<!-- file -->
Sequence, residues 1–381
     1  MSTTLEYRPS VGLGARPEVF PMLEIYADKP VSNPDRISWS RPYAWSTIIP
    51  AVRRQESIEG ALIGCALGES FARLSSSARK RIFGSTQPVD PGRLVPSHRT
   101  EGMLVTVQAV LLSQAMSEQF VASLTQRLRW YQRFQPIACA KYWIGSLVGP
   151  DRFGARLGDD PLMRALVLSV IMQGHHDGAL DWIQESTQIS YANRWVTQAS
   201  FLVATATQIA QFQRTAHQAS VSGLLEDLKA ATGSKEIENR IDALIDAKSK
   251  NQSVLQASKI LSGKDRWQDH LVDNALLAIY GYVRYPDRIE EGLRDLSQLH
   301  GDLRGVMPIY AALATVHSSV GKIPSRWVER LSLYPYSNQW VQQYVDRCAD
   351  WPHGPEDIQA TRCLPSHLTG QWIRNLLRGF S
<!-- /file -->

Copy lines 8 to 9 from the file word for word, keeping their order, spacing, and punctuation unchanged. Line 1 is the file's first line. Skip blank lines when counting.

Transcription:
   301  GDLRGVMPIY AALATVHSSV GKIPSRWVER LSLYPYSNQW VQQYVDRCAD
   351  WPHGPEDIQA TRCLPSHLTG QWIRNLLRGF S